MOBIUS ARTISTS GROUP
AT BOSTON CITY HALL
Mobius Presents CONCRETE ACTIONS in HEROIC ENCOUNTERS:
Artists Respond to Boston City Hall
The Mobius Artists Group is pleased to announce Concrete Actions, an evening of site-inspired original works responding to the striking concrete modernist design of City Hall and the democratic ideals that continue to animate it. Commissioned by The Mayor’s Office of Arts and Culture, City of Boston as part of the HEROIC ENCOUNTERS Series, Concrete Actions will unfold on Thursday, May 25th at Boston City Hall, from 5-9 p.m. Thirteen Mobius artists will activate the interior of the building through a diversity of media. The civic landmark will be transformed through aesthetic experimentation in interactive performance art, video, installation, sound and movement.
Recent shifts in our current national political landscape and challenges to core values of inclusion have revived civic engagement in local democratic processes and institutions. It is therefore an appropriate moment to celebrate the architectural legacy of Boston City Hall, opened in 1969. The building’s innovative design reflected the architects’ ethical commitment to active public involvement and access to city government, as Mark Pasnik, Chris Grimley, and Michael Kubo emphasize in their book Heroic: Concrete Architecture and the New Boston that inspired the HEROIC ENCOUNTERS Series. Against this background, the Mobius Artist Group is honored to create Concrete Actions as part of the series.
As a collective event, Concrete Actions aptly marks the Mobius Artists Group return to Boston after a productive 5 years in Cambridge. Now in our 40th year as an artist-run organization, our legacy of accessibility, affordability and collaboratively generated experimental work in all media across artistic communities parallels the strong public commitments that inspired the design of Boston City Hall and continue to revitalize it.
El Putnam presents Digital Bru(i)t, a video work that conveys the unknown complexities, challenges of maneuvering, and untapped potentials of human engagement with digital technology.
Jane Wang presents two works, Signs of Our Times III, a video slideshow of imagery from 95 artists and 21 composers reflecting the connecting theme of signage, and Concret concret, a duo of free-standing abstract wire sculptures, one of which she will knit live, in the main lobby of Boston City Hall.
Milan Kohout presents Spaces for Socialism, an interactive performance that engages audience members in conversation about their experience of architecture, interactive sharing of the human condition, and perspectives on how to create democratic socialist alternatives to modern life.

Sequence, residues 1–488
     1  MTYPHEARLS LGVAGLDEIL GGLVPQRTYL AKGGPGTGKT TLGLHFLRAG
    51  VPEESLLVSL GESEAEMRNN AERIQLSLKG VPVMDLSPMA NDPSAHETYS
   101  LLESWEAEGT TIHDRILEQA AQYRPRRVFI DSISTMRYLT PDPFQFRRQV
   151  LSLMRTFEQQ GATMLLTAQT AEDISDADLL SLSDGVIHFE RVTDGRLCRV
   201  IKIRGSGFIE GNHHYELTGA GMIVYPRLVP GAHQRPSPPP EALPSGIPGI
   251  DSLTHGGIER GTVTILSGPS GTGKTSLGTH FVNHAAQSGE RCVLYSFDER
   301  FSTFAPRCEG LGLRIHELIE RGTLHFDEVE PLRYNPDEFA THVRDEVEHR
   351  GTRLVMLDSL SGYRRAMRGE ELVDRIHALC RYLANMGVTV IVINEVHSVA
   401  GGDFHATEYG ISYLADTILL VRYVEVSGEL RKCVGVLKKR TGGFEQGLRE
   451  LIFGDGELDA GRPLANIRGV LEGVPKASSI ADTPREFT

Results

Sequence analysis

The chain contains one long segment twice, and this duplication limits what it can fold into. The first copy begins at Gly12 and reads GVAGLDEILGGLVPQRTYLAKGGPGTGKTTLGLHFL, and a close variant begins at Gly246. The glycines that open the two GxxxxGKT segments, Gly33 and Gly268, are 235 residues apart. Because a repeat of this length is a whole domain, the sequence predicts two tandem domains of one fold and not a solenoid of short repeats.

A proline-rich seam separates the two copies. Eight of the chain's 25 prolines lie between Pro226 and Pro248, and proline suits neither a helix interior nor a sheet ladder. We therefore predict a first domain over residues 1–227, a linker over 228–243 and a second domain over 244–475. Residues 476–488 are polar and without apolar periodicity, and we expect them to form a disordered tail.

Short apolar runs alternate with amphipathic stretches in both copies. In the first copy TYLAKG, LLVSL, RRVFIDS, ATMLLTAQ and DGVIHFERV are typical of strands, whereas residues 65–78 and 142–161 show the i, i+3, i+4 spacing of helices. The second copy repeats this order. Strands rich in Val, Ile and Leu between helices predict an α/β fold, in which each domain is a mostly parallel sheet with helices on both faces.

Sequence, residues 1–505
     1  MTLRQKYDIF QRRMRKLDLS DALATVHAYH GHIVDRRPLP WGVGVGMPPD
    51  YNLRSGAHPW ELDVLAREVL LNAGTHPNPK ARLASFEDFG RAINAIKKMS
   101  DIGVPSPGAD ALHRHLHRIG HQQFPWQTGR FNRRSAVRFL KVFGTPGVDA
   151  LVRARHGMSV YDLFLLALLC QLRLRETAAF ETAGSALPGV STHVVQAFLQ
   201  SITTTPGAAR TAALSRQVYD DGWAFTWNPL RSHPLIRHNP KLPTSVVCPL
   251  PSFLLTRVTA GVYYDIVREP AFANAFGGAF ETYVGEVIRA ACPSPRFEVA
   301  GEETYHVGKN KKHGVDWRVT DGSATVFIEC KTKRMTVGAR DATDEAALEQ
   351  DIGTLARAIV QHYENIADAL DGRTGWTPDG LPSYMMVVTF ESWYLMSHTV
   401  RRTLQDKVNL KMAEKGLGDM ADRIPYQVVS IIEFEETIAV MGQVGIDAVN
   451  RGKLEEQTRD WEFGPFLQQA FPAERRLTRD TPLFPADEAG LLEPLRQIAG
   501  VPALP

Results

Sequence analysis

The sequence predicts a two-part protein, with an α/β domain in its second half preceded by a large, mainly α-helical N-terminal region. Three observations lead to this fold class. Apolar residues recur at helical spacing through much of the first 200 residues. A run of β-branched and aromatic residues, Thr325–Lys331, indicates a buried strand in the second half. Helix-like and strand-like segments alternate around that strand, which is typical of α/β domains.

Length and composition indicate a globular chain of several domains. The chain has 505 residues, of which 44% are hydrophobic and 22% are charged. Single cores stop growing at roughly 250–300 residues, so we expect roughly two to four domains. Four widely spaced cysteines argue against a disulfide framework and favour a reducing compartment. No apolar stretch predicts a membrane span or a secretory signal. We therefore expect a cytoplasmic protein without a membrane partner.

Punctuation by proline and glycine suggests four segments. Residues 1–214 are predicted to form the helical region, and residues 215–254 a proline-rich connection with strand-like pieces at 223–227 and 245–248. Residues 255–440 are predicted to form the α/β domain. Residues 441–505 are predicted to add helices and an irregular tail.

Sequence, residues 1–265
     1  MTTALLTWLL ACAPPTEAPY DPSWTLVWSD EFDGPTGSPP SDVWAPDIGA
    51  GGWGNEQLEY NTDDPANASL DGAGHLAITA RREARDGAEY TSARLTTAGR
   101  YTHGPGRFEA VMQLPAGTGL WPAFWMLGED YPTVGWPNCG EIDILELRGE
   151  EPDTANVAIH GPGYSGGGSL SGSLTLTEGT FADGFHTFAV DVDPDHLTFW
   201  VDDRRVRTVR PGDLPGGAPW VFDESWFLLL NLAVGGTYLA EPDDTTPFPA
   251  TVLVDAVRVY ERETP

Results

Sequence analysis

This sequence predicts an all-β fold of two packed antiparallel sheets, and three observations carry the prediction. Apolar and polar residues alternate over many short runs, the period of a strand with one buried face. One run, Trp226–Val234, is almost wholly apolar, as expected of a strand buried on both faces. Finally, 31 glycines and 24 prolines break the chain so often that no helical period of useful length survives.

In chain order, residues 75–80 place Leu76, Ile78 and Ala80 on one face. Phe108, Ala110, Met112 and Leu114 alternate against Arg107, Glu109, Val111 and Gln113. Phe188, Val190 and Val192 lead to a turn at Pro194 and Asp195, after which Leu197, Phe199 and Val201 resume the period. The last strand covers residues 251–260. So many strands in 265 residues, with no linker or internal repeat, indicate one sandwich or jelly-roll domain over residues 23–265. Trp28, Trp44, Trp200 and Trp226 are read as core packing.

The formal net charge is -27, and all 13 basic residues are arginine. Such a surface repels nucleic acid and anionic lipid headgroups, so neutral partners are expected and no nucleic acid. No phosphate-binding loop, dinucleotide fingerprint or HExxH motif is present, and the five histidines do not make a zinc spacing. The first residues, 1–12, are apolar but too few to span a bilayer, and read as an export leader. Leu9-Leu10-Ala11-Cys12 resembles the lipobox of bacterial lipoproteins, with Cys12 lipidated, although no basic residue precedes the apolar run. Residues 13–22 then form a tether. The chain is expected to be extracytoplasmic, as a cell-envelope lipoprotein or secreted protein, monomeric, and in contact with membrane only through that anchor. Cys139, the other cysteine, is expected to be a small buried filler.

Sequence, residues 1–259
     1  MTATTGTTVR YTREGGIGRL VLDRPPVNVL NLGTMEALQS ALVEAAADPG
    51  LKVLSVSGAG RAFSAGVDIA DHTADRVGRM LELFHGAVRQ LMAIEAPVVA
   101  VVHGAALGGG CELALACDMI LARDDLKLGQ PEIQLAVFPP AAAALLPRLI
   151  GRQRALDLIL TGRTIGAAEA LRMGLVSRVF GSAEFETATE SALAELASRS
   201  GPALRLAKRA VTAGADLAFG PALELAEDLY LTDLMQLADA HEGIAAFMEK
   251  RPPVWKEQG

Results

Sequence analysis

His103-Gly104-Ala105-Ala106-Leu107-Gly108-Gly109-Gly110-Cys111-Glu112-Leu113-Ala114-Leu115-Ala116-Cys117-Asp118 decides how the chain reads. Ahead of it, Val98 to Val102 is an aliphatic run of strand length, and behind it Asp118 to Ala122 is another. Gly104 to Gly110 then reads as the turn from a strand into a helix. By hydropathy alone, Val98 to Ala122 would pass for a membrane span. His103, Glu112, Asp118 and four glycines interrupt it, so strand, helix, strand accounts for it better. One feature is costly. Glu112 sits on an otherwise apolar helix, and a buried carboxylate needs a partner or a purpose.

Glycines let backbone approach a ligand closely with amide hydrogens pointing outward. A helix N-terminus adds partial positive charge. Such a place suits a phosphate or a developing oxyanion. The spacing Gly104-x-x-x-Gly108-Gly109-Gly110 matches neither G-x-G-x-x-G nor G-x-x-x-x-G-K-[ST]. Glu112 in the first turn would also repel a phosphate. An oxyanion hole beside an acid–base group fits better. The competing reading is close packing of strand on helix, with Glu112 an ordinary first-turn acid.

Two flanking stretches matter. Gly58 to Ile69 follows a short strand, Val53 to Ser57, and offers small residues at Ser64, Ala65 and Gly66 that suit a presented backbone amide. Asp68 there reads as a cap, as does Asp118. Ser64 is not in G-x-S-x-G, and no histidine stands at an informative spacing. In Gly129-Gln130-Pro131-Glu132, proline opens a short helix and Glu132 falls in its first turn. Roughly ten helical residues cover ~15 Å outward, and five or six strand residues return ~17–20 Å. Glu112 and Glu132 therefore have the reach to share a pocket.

James Ellis Coleman presents Always Room for You, a visual art work exploring the scope and inclusion of the life histories of individuals as recorded in government documents stored in government repositories.
Sandrine Schaefer presents ESCALATE/DE-ESCALATE, a durational performance art piece sited on the escalators between the lobby and lower levels of Boston City Hall that explores notions of agreement and challenges ways time is experienced and perceived between bodies sharing space.
Daniel S. DeLuca presents Lesson in Civic Engagement, an interactive experience that explores the degrees of risk permitted by City Hall to engage with the architecture.
Jesse Kaminsky presents Aposematism, an inflatable sculpture work made of brightly colored, printed and sewn tyvek material that will enhance the ground space with an anemone-like shape.
Margaret Bellafiore, Mari Novotny-Jones, and Anna Wexler present MILK & LICENSES, a performance and installation work using three defunct services windows in Boston City Hall. The piece explores concepts of sanctuary in our present moment by transforming the windows' original function.
Sara June presents Solid Formation, a durational movement and installation work that experiment with the notion of protection and architecture through the intersection of three elements: building, boundary, and human body.
Photo is by Jeffrey Montes - Creative Commons 2.0
This project is supported in part by an award from the National Endowment for the Arts.